Isn’t it sweet that in 2 plus years my tickets will have doubled, 45 to 85. I truly love good ole’ Steve. I hope that they factor in the sky box revenue and PSL rape fee in their calcs. Really don’t know if I want to be that much of a sucker. Guess I’ll sell off a few prime time and Billick can complain about me not being loyal. 
 
I could not believe the collective silence last go round.
 
Thanks,
 
David Janka
 
David,
 
I think the pain will be felt in March when those invoices start rolling up to our doorsteps.  I did a piece on this last week in The Grapevine which summarizes my feelings.  I’ll share it with you again here:
 
The Ravens are raising ticket prices across the board by roughly 20-25% and they are justifying the move in part by reminding us all that they spent $25 million over the salary cap to sign Steve McNair, Trevor Pryce, Derrick Mason and Samari Rolle along with Ed Reed, Bart Scott and Todd Heap.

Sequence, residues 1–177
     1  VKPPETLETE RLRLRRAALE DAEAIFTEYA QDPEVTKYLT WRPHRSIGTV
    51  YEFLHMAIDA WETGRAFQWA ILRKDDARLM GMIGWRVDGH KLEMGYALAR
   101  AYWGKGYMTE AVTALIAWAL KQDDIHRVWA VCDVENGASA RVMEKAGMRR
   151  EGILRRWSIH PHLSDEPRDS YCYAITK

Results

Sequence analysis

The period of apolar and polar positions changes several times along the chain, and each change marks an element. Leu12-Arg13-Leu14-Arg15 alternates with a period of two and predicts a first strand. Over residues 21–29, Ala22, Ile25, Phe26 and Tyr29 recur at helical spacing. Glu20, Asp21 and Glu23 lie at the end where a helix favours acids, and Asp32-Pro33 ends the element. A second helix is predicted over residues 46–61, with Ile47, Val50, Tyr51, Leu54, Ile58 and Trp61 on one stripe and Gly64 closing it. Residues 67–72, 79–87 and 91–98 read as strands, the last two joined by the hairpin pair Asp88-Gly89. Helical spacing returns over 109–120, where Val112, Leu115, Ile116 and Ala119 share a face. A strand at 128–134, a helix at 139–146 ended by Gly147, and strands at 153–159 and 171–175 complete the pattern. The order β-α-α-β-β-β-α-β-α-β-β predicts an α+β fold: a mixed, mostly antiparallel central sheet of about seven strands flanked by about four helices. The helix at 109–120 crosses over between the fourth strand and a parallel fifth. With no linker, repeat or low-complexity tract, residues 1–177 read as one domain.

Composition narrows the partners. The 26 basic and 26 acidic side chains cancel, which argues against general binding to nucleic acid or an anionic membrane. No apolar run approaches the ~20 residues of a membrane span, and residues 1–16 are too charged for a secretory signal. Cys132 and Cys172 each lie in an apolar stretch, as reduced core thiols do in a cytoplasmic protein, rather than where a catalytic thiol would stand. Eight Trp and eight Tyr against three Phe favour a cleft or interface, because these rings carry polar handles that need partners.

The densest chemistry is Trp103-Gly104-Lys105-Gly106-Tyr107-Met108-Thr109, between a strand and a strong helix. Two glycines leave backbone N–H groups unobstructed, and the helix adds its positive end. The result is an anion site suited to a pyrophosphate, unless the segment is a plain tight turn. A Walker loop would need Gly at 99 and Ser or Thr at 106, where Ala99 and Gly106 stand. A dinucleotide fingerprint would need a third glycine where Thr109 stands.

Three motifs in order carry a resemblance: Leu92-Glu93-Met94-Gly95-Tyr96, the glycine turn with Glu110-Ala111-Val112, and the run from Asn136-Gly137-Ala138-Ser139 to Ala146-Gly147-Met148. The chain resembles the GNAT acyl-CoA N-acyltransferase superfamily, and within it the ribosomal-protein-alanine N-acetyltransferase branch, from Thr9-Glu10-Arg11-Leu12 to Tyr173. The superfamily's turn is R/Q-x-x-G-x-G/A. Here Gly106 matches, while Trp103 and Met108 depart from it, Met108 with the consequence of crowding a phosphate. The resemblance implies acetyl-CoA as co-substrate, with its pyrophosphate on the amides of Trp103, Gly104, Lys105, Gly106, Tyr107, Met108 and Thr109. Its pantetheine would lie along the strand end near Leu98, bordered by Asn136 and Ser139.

Well boo freaking hoo!
 
The Ravens are also quick to point out that they were ranked 18th last season in average ticket price and the price hike to an average of $82.14 per ticket for ’07 will likely put them in the top 10 when all is said and done.
 
I wonder how many in the top ten have hit their fans with permanent seat licenses just for the privilege of paying for season tickets.
 
Let’s put this all in perspective. 
 
You run a business and in order for your customers to come in and pay for your product they first have to pay for an expensive membership fee.  Then you go and hire a few new employees to improve your customer service and better your product.  But to offset the added expense for the new and improved staff, you hike your prices 25%.
 
That might put a normal business in peril, right?
 
Not in the NFL.
 
David, if you are interested, there are some statistics that you can find here comparing the Ravens to the rest of the NFL.
 
Workin’ for a livin’,
 
TL

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Tony Lombardi

About Tony Lombardi

Tony is 24x7 Networks, LLC's founder (the parent of EutawStreetReport.com and RussellStreetReport.com) His work has been featured on various sports websites and he is a regular guest on 105.7 The Fan and he hosts "The Fanimal" also heard on 105.7 The Fan, Saturdays from 8-9AM. Among his favorite things in life are his wife, kids, family, friends, The Beatles, Breaking Bad, Gladiator, The Godfather, Guinness, orange crushes, meatballs and Key West, not necessarily in that order. Follow Tony on Twitter @RSRLombardi. More from Tony Lombardi